That is why it would not shake my faith if some portion of the Exodus story were shown to be untrue. I should be clearer as to what I meant by this: yes, it would bother me, for the reasons you state so clearly, but no, it would not shake my faith to the core – at its core, my faith rests on the finished work of Christ, demonstrated by his resurrection, which was attested to by many eyewitnesses who maintained their witness at the cost of their lives.
        …The key tenets of Christianity were summarized by Paul in I Cor 15, and they all had to do with the person and work of Christ, not Adam or Moses….

        You have done a fine job disclosing the Old Testament typology, and the many references to the Exodus in the later Old Testament and in the New Testament. This does not necessitate that every detail in the Old Testament story actually happened. The Old and New Testament writers and major players were steeped in the traditions of Judaism, so they would necessarily treat all the Old Testament events, from the 6-day creation through Noah’s world-wide Flood to the Exodus as completely factual. Since their audience consisted almost entirely of Jews, this would be a divinely-inspired means to communicate the truths of the Old and New Covenants.

        As noted above, God the Son was a master story-teller, weaving detailed tales which never really occurred instead of plainly stating the point. He was entirely capable of entering into the (Jewish) worldview of his hearers. God could similarly inspire stories in the Old Testament which edified the hearers, whether or not they actually occurred. The way to discern whether or not these stories actually occurred is to gather and examine the actual evidence; a medieval approach would be to ignore the evidence and instead build up chains of reasoning as to what “must” be the case (e.g. “Paul treats it as literal so it must be literal”).
        [end quote]

        About some guy rising from the dead – – well, again for me that comes down to letting the evidence speak for itself.

        I don’t want to set off a full-on debate on the evidence for early Christianity (there are other sites where such discussions go on…and on), but will try to very briefly outline my thinking here. It is well-established that Paul wrote the New Testament book of First Corinthians to the church in Corinth, sometime around 55 A.D. ( e.g. Clement of Rome quoted from this letter and referred to it as still being in their possession when he wrote c. 95 A.D to the Christians in Corinth). In the fifteenth chapter of this letter, Paul is focusing on the importance of the (future) resurrection of Christians. As a lead-in to that topic, he reminds them of what he had already taught them about the foundations of Christianity:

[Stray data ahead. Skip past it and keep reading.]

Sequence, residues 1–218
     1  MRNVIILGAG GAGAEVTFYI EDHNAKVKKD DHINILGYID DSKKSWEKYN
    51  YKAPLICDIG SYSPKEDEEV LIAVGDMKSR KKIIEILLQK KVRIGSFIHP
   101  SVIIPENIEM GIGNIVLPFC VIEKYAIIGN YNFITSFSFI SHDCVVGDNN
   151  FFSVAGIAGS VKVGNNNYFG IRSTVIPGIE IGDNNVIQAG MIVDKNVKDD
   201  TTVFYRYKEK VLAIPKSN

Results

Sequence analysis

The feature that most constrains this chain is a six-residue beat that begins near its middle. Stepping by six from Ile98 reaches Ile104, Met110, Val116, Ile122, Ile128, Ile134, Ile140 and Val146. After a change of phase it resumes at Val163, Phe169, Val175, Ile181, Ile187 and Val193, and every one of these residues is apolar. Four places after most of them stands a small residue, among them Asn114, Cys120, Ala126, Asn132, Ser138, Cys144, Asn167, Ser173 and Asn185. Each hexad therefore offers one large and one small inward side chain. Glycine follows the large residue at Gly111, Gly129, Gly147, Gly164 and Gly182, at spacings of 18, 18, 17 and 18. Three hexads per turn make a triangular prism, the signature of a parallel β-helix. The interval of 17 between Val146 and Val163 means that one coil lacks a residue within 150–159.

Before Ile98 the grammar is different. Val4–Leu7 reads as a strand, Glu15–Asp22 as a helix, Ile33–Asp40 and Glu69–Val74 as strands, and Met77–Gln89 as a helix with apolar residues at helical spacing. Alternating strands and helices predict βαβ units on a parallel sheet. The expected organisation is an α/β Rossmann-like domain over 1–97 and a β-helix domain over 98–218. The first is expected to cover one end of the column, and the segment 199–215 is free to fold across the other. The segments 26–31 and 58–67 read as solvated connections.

“Now, brothers, I want to remind you of the gospel I preached to you, which you received and on which you have taken your stand. By this gospel you are saved, if you hold firmly to the word I preached to you. Otherwise, you have believed in vain.
        For what I received I passed on to you as of first importance: that Christ died for our sins according to the Scriptures, that he was buried, that he was raised on the third day according to the Scriptures, and that he appeared to Peter, and then to the Twelve. After that, he appeared to more than five hundred of the brothers at the same time, most of whom are still living, though some have fallen asleep.
        Then he appeared to James, then to all the apostles, and last of all he appeared to me also, as to one abnormally born. For I am the least of the apostles and do not even deserve to be called an apostle, because I persecuted the church of God.” (I Cor 15:1-9)

        Paul had visited the Jerusalem church about 37 A.D. and again around 50 A.D. (plus or minus a few years, but sources basically agree; see e.g. Galations 1-2) :
        (a) Within 5 years of Jesus’s death in c. 30 A.D., Paul (as a persecutor of the church in and around Jerusalem) had been exposed to the claims of the local Christians that some of them had seen the resurrected Jesus.
        (b) Within 10 years of 30 A.D., Paul had returned to Jerusalem as a friend of the church, and talked with local leaders and presumably other members.
        ( c ) He was back again for other visits over the next decades.

        From (a), (b), and (c) , Paul had extensive, personal knowledge of what the local Judean Christians were saying about the resurrection. Per I Cor 15, Paul had passed on the Corinthians during his stay with them c. 51-52 A.D. that there were hundreds of people, some still alive, who said they had witnessed the resurrected Jesus. (Some of whom would hold to that profession under threat of prison and execution – – per https://letterstocreationists.wordpress.com/historicity-of-jesus/ ).